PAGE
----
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Have You Forgotten 9-11

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Commentary: Will America ever forget 9-11?
By Gary Sheftick
September 13, 2005

WASHINGTON (Army News Service, Sept. 13, 2005) -- How long does it take to forget a tragedy like Sept. 11, 2001?

That question entered my mind as I attended a memorial service in the Pentagon auditorium to observe the fourth anniversary of the terrorist attack there in which 184 service members and civilian employees lost their lives.

It was a service that brought back memories and emotions that I hadn’t felt in some time.

I had almost forgotten the confusion of that day and the sorrow that followed for those who didn’t make it; and the guilt for not being able to help them. When their portraits flashed one-by-one on the screen at the front of the auditorium, though, those feelings returned with a sting.

I remembered the terrible burns of some survivors; the coughing and lung ailments developed by some of the rescue workers who sifted through the smoking rubble.

I couldn’t help but remember the memorial service a month after the attack when about 10,000 Pentagon workers and family members attended a ceremony led by President Bush on the parade field in front of the River Entrance.

I remembered the thousands cheering when President Bush pledged action against those who perpetrated the attack, and promised that America “will never forget” those who gave their lives.

And I remembered the first anniversary observance, also led by the president and attended by thousands who sat in a temporary stadium built near the site where the high-jacked airliner hit the building.

Then I looked around the Pentagon service during the fourth anniversary, and noticed that it was attended by fewer than 100 military members and civilians.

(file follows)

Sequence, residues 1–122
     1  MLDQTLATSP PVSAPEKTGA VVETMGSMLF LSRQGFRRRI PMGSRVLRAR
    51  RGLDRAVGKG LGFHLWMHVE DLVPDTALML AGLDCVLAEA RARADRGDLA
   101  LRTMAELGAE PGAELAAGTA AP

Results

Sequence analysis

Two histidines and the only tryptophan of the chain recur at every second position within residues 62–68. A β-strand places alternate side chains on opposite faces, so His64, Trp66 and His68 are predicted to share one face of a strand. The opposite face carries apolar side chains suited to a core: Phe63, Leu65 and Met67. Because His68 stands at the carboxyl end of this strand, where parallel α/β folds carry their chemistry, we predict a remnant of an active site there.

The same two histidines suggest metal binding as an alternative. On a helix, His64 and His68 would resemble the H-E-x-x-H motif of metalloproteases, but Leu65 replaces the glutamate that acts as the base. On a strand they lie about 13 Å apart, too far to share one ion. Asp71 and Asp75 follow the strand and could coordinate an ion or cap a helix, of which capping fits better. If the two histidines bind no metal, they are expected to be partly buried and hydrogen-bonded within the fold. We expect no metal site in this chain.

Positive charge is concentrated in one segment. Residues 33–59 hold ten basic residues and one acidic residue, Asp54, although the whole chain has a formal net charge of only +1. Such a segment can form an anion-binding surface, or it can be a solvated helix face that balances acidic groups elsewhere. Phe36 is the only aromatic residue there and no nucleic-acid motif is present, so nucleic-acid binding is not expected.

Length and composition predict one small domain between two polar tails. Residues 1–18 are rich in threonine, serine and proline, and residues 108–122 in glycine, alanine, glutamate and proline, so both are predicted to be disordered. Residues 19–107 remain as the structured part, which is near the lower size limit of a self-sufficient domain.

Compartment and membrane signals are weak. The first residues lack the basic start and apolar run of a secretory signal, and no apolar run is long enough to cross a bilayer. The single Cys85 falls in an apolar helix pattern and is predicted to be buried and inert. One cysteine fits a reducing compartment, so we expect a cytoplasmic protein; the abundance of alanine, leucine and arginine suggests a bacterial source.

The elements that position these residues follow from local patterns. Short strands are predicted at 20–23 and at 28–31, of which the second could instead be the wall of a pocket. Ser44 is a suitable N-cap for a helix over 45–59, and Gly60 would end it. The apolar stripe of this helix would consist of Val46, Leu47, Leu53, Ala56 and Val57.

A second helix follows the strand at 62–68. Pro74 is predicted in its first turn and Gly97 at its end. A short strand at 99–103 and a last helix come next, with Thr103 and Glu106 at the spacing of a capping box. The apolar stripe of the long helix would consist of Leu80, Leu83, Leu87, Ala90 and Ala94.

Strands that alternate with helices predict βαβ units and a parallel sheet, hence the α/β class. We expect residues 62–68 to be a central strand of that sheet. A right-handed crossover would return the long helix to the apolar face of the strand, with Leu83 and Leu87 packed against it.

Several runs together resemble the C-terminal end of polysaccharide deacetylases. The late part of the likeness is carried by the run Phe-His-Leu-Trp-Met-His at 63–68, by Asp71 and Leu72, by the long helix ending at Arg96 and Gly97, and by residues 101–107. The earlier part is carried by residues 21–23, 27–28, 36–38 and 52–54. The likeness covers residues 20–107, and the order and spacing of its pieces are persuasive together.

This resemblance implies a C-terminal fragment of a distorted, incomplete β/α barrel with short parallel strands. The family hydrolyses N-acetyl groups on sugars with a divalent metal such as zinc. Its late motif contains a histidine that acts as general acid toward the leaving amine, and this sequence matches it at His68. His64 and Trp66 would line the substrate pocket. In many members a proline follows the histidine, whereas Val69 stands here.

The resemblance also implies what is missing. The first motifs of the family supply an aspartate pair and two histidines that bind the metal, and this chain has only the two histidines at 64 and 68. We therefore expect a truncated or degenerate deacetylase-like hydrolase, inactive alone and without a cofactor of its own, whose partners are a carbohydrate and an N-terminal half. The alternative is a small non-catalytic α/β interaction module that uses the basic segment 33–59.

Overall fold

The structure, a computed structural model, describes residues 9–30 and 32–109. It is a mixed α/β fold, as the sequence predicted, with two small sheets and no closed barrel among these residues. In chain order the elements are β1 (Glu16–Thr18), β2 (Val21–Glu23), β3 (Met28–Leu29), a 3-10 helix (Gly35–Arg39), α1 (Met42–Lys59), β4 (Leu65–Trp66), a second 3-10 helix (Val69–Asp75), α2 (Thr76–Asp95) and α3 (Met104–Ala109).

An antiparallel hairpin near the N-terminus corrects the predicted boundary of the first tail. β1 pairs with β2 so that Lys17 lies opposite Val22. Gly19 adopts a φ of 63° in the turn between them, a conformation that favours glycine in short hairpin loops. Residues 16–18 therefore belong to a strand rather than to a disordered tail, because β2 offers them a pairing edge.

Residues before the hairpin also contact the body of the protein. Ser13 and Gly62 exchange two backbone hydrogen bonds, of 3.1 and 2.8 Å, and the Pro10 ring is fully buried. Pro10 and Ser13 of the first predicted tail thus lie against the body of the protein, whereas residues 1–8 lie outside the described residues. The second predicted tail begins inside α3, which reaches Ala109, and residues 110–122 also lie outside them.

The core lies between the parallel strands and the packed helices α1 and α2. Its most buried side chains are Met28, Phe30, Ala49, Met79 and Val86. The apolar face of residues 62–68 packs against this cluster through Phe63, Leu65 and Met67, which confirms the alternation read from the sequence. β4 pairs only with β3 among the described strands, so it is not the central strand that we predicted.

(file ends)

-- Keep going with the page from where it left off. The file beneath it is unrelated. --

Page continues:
I wondered if four years was long enough for some to forget? I wondered how many who lived through that day at the Pentagon had gone on to other assignments, perhaps in Iraq or Afghanistan? I wondered how many were trying to forget the pain or were just too busy with work in the War on Terror to attend a Monday memorial service?

In fairness, I knew that thousands had attended the “America Supports You Freedom Walk” organized by the Pentagon on Sunday, the actual anniversary of 9-11. Hundreds attended a remembrance service in Kabul, Afghanistan. And no doubt many attended Patriot Day observances all across the nation.

For those who did attend the Pentagon service, it was an emotional experience.

Paul Brady spoke about crawling through the smoke and escaping the Navy Command Center when the plane hit. Only eight of 34 who were in the command center that morning lived, Brady said, and several of the survivors were badly burned and injured.

Brady spoke of the hate and his desire for revenge following Sept. 11. He said those feelings have now softened, with a Christian re-awakening, to prayer for those who perished – both the victims and perpetrators.

Pentagon Chaplain Col. Ralph Benson said “We are a people of hope” when speaking at the service about the enduring American spirit. He added that “When we see tragedy, we remember it and move on…”

Hopefully we will move on, but never forget those who died Sept. 11.
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You cry brother cry all you want I wouldnt blame you one bit. Im sorry about your mother.
I will pray for your boys but know this they are allways in my heart and mind. They are America's best and our hero's of there generation.
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